In a previous post, we explored ideas for optimizing the tablet experience for consumers. In this essay, we’ll look at how publishers can encourage advertisers to run “enhanced” ads on their magazine/newspaper applications.
As we previously noted, the iPad’s launch was one of the most highly anticipated launches of 2010 – at least in magazine and marketing circles. Indeed, many of the same attributes that make tablets an exciting proposition for editors and publishers also ring true for advertisers: crisp, brilliant resolution, the ability to offer enhanced video storytelling and new ways for consumers to interact with content.
While some early adopters have developed “enhanced” ads for tablets, the overwhelming majority of advertisers so far has taken a wait and see attitude, citing cost concerns, lack of metrics and limited scale. We think more advertisers should take more advantage of the benefits that tablets have to offer.
Here are some suggestions on what publishers can do to attract advertisers:
- Show us “the beef.” The Association of Magazine Media (MPA) issued voluntary guidelines in April for “driving growth of advertising on tablets.” Since then, however, we can count on one hand the number of magazines that are actually providing any sort of post-buy metrics for our clients. We all know that the percentage of tablet owners who currently download print applications does not invite reach levels comparable to Parade or AARP. However, by not providing metrics in a timely manner, buyers are left to think that magazines are hiding something. We need more transparency not less.
- More consistent pricing policies. Why do some media companies charge advertisers for links when the rest of the industry does not? Charging for links is right up there with bleed charges or charging advertisers for the 5-10 words of copy on magazines’ reader service pages. You get my feelings on this one. Further, ad rates should be based on a CPM which is tied to total tablet readership or other measures such as “actions taken.” The latter would provide invaluable learning for advertisers that are paying a premium to add interactive features to their static print ads.
- Provide engagement metrics for all ads, but especially for those that are customized for the tablet space. This is critical so that advertisers can test and learn. Metrics should include time spent with enhanced ads such as video, slideshows, etc., and data on actions taken when readers engage with links and hot spots. This was just one of the recommendations proffered by the 4A’s Next Generation Publishing Committee, which I chair.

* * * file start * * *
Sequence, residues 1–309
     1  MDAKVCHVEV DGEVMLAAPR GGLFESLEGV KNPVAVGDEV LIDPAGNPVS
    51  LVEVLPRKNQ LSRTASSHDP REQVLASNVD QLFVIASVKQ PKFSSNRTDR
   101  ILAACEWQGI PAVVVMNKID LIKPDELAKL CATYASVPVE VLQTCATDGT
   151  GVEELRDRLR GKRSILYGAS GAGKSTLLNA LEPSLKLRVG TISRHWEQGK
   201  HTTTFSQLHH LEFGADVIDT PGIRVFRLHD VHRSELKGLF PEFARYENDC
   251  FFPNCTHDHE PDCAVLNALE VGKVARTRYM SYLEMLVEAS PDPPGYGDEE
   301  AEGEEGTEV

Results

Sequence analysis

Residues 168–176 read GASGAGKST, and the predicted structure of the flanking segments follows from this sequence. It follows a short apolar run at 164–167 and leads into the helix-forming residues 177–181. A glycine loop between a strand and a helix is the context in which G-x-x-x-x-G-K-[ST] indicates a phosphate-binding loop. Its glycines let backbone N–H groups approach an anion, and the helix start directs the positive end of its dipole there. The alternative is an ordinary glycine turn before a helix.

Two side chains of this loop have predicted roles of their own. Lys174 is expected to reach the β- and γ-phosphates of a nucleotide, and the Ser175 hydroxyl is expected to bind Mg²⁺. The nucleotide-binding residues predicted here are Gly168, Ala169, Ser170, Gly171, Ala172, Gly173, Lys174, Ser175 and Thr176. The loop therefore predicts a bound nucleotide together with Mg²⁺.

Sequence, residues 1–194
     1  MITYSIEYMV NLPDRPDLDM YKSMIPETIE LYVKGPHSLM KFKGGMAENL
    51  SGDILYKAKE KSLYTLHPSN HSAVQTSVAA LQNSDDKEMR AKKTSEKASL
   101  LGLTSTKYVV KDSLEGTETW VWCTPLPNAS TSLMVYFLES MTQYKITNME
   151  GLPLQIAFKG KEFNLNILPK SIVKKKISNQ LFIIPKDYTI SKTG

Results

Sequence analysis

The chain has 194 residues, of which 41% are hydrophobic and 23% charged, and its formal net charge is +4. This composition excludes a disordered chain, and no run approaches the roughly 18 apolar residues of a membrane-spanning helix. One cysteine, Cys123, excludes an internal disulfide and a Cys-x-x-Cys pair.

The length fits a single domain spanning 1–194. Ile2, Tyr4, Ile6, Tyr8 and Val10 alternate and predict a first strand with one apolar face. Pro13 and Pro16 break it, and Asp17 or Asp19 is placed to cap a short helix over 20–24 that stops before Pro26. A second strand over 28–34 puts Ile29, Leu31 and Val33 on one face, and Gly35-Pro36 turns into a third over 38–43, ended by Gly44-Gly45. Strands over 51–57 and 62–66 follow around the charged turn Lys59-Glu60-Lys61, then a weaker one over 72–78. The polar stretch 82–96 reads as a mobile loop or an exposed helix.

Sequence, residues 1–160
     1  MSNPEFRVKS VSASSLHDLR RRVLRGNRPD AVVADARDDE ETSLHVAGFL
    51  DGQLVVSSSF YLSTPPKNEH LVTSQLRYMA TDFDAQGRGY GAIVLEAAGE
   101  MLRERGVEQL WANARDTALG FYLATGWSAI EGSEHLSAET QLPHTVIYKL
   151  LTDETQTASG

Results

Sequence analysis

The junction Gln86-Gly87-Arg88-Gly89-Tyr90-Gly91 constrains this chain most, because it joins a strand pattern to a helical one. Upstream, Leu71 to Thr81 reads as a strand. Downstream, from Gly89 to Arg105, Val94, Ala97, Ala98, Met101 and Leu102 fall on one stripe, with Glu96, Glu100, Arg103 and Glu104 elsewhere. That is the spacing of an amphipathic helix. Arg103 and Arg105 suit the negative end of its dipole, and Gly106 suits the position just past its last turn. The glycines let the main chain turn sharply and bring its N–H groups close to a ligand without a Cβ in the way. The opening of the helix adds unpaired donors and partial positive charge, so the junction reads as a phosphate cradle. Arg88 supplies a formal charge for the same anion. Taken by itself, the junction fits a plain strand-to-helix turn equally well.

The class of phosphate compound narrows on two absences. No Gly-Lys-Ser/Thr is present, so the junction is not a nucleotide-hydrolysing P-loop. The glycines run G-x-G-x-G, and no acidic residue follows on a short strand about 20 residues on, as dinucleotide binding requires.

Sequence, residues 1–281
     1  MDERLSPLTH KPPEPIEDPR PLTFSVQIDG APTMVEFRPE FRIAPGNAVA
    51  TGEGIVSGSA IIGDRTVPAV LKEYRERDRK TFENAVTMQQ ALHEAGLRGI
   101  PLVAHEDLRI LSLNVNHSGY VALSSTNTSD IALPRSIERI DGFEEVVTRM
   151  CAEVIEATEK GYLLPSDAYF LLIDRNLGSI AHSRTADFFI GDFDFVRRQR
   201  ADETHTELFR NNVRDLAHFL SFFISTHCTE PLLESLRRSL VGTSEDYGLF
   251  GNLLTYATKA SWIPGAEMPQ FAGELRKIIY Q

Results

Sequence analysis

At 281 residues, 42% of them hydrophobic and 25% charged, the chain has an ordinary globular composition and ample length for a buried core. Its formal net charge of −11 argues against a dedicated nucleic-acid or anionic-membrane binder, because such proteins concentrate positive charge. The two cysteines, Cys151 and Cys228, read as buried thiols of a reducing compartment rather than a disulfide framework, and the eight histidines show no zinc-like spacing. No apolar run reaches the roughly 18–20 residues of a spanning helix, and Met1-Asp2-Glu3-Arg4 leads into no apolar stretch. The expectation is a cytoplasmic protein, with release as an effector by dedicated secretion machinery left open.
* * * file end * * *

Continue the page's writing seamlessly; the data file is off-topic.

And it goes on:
- Demonstrate more flexibility with advertising units and editorial integration. Take a cue from publishers such as the New York Times and The Week. Last September, Ralph Lauren was a sole sponsor of the New York Times’s application. Lauren ran beautifully styled, interactive ads and provided a live stream of its Fashion Week Runway Show. Rolex sponsored an iPad-only feature, “The Daily Briefing,” on The Week’s application. A ticking Rolex hovered over the top ten things readers needed to know on a particular day. I doubt The Week or the New York Times got many (if any) complaints about their advertising compromising editorial integrity.
- Work with us on ways to engage potential customers via e-commerce and “live chats.” Shopping on tablets continues to rise, so we were encouraged by Hearst’s announcement that they will link Kindle Fire digital editions to Amazon. The ability to purchase product within a magazine’s application is a key selling point for magazine apps vs. other media. In addition, wouldn’t it be novel if readers could engage in a live chat with a customer service representative if they had a question about a drug ad?
By trying some of the suggestions above, we think more advertisers will move from the side-lines to the front-lines of enhanced tablet advertising.